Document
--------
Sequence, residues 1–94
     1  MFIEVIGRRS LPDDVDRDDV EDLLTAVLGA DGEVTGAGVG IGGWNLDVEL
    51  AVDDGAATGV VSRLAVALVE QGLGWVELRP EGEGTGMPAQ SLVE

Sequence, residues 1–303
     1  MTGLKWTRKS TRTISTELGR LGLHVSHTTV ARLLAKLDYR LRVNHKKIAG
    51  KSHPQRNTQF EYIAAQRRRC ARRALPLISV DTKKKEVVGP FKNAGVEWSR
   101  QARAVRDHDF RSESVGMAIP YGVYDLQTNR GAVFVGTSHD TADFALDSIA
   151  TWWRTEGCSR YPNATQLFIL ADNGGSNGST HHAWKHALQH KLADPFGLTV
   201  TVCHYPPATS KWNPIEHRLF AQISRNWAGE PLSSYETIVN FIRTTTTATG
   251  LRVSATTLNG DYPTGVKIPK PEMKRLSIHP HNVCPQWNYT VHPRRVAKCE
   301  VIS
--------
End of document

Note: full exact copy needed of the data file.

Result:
Sequence, residues 1–94
     1  MFIEVIGRRS LPDDVDRDDV EDLLTAVLGA DGEVTGAGVG IGGWNLDVEL
    51  AVDDGAATGV VSRLAVALVE QGLGWVELRP EGEGTGMPAQ SLVE

Sequence, residues 1–303
     1  MTGLKWTRKS TRTISTELGR LGLHVSHTTV ARLLAKLDYR LRVNHKKIAG
    51  KSHPQRNTQF EYIAAQRRRC ARRALPLISV DTKKKEVVGP FKNAGVEWSR
   101  QARAVRDHDF RSESVGMAIP YGVYDLQTNR GAVFVGTSHD TADFALDSIA
   151  TWWRTEGCSR YPNATQLFIL ADNGGSNGST HHAWKHALQH KLADPFGLTV
   201  TVCHYPPATS KWNPIEHRLF AQISRNWAGE PLSSYETIVN FIRTTTTATG
   251  LRVSATTLNG DYPTGVKIPK PEMKRLSIHP HNVCPQWNYT VHPRRVAKCE
   301  VIS